LogicMonitor is not the cheapest by any means, but it's also not the most expensive. From a licensing point of view, as far as we were aware, it's sort of middle of the road. It certainly has the value for money given the scale, time saved, and efficiencies that we've gained from it. It has been very worthwhile.

We've not had any other costs as this is a cloud based solution. Therefore, you don't need much, if any, infrastructure to monitor. There are a few add-ons along with bits and pieces if you want to monitor certain types of infrastructure or clouds. It is then you might need an add-on. Largely, the costs are upfront and well-known. 

Which other solutions did I evaluate?

At the time, we looked at more of the high-end monitoring solutions, which included things like SolarWinds and ScienceLogic. We also looked at some smaller companies. We probably evaluated about 10 to 12 companies in total before we ended on LogicMonitor. We didn't bother testing any more after that because LogicMonitor was perfect for what we needed.

It started as a trial with a number of other products. We quickly realized that LogicMonitor was a step above the rest in terms of its speed of deployment and capabilities. Then, we went from a trial to a limited one-year, proof of concept for it, which proved successful. Within a few days, we had it rolled out to our entire organization. We were looking for a product that we could then use to scale to our customers as well. We very quickly have done that. We are still rolling it out to new customers, but we've done what we set out to.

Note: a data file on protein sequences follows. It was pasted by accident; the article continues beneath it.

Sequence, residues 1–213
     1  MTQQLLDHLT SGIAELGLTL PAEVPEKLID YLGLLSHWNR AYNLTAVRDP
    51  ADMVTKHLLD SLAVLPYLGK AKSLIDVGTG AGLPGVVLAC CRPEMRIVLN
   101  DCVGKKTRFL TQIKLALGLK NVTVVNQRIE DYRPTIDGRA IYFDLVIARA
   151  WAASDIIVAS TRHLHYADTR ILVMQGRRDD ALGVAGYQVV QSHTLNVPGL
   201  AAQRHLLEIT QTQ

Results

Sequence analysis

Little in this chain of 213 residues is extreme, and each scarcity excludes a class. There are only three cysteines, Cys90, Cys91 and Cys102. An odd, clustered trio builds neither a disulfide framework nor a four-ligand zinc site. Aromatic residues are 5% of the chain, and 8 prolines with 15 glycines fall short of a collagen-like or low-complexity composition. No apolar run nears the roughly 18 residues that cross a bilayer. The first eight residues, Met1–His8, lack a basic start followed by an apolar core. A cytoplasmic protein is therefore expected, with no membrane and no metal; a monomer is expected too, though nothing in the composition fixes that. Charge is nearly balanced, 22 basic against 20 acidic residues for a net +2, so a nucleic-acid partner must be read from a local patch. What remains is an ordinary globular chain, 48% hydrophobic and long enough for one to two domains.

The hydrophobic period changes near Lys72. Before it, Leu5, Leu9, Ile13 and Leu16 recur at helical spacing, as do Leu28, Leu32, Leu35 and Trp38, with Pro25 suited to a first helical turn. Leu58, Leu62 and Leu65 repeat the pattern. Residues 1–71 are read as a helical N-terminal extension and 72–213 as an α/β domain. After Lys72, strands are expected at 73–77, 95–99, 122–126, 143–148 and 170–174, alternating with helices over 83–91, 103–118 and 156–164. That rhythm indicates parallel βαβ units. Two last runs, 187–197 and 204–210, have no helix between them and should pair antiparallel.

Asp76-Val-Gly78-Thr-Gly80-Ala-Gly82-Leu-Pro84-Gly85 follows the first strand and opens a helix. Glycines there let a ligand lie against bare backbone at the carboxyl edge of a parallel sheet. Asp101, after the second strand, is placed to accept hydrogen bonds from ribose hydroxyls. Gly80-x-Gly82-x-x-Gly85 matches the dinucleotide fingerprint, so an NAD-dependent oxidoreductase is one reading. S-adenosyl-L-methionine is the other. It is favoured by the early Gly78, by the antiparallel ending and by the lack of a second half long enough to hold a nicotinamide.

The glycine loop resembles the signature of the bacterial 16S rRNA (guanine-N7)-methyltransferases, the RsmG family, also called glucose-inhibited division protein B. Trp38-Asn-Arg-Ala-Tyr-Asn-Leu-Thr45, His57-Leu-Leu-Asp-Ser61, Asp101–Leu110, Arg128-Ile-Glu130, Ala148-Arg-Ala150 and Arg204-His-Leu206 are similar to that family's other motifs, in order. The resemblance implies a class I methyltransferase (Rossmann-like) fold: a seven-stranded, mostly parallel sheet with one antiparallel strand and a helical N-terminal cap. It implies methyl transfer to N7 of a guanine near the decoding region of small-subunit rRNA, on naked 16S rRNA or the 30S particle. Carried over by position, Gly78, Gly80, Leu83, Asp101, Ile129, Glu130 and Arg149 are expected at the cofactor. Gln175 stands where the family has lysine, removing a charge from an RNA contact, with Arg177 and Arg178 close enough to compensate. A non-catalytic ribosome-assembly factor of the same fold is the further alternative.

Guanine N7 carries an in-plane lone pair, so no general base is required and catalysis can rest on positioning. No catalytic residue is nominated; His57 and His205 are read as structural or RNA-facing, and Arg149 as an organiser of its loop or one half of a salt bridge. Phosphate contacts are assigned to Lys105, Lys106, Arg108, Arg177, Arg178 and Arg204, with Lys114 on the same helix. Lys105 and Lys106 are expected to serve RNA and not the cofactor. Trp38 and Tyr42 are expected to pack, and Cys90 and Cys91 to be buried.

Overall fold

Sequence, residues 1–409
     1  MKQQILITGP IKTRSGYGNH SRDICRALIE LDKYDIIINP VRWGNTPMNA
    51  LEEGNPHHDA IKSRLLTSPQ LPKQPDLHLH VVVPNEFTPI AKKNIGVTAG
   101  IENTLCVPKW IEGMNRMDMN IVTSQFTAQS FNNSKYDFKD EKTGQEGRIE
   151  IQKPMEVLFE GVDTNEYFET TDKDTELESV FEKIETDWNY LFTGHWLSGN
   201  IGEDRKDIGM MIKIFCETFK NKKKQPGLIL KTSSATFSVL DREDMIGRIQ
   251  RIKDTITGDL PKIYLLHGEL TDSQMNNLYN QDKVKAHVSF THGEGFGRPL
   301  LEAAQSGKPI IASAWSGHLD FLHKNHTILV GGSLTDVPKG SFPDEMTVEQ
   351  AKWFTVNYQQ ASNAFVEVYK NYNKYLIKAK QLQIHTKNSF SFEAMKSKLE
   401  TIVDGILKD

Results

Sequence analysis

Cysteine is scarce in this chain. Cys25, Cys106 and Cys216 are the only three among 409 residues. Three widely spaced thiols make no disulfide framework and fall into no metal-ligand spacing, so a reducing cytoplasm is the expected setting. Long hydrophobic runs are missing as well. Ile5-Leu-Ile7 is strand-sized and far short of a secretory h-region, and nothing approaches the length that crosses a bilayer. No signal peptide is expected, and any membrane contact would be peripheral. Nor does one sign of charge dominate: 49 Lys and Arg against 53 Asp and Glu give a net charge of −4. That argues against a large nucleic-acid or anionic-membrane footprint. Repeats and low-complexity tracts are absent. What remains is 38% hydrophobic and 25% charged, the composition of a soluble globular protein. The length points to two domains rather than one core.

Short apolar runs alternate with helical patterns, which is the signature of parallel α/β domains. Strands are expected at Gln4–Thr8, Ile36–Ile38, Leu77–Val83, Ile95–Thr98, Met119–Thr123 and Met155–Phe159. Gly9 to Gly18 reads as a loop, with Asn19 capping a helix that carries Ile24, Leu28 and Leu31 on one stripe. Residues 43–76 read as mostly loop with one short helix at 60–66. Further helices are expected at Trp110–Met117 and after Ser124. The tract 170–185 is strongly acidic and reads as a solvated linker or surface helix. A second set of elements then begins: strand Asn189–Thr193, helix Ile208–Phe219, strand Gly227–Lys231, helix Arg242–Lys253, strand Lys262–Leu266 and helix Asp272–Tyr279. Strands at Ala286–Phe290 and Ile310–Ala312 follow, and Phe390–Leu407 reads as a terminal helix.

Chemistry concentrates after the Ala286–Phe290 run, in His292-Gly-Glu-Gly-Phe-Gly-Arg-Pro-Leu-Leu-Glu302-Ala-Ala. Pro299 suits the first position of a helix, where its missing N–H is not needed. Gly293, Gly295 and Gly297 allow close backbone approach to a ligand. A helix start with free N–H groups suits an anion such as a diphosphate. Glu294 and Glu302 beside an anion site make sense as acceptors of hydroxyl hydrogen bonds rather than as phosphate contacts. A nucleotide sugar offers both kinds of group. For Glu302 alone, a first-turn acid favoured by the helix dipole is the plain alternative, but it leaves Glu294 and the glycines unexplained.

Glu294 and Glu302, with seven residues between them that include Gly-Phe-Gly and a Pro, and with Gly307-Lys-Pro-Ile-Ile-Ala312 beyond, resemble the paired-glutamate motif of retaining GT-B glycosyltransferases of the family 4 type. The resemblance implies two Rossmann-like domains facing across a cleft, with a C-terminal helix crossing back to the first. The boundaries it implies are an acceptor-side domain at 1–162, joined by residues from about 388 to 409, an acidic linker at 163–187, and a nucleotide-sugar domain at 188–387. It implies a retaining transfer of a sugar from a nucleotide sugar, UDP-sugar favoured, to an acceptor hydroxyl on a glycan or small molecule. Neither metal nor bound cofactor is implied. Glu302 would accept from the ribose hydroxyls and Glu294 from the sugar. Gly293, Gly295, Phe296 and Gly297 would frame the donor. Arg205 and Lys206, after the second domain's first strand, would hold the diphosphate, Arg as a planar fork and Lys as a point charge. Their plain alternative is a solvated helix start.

We found LogicMonitor intuitive. The UI was brilliant. It turned out to be very quick and easy to deploy. The dashboarding capabilities were a step above the rest, as they are quick and easy to use. Once you actually get the product deployed and get into it, you find it is very scalable, customisable, and configurable. I don't think another product was comparable to it, not within the timescales that you could deploy it.

What other advice do I have?

Talk to someone at LogicMonitor and try it out. I would say that's an absolute must. I think anyone who signs in and uses it for a few hours will quickly realize its capabilities and how good it is.

Biggest lesson learnt: Knowing the value of a well-created dashboard. Making sure that it's actionable in terms of showing meaningful information. It can be quite a powerful thing if you have the right statistics or a way the data can be presented on a dashboard. This has been very useful, and it is great if you can put it up on a screen.

We don't make extensive use of AIOps. We are hoping to get a handle on it shortly and use it.

I would rate this solution as a 10 (out of 10). It's very good. I have been thoroughly impressed.

Which deployment model are you using for this solution?

Public Cloud
Disclosure: IT Central Station contacted the reviewer to collect the review and to validate authenticity. The reviewer was referred by the vendor, but the review is not subject to editing or approval by the vendor.
Randy Newman
Lead Network Engineer / Solutions Specialist at a tech services company with 11-50 employees
Real User
Top 5
Enables us to be more proactive in seeing and understanding issues before they have a larger impact

Pros and Cons

  • "The alerting and the customized alerting are the most valuable features. We can set thresholds at multiple levels to alert us to issues that might start happening before they happen."
  • "The biggest area of improvement is with mobile. I'd love to see them improve the mobile app side. That's something I've mentioned to them on multiple occasions. It's one thing to be sitting in front of my computer when a problem or an alert comes up."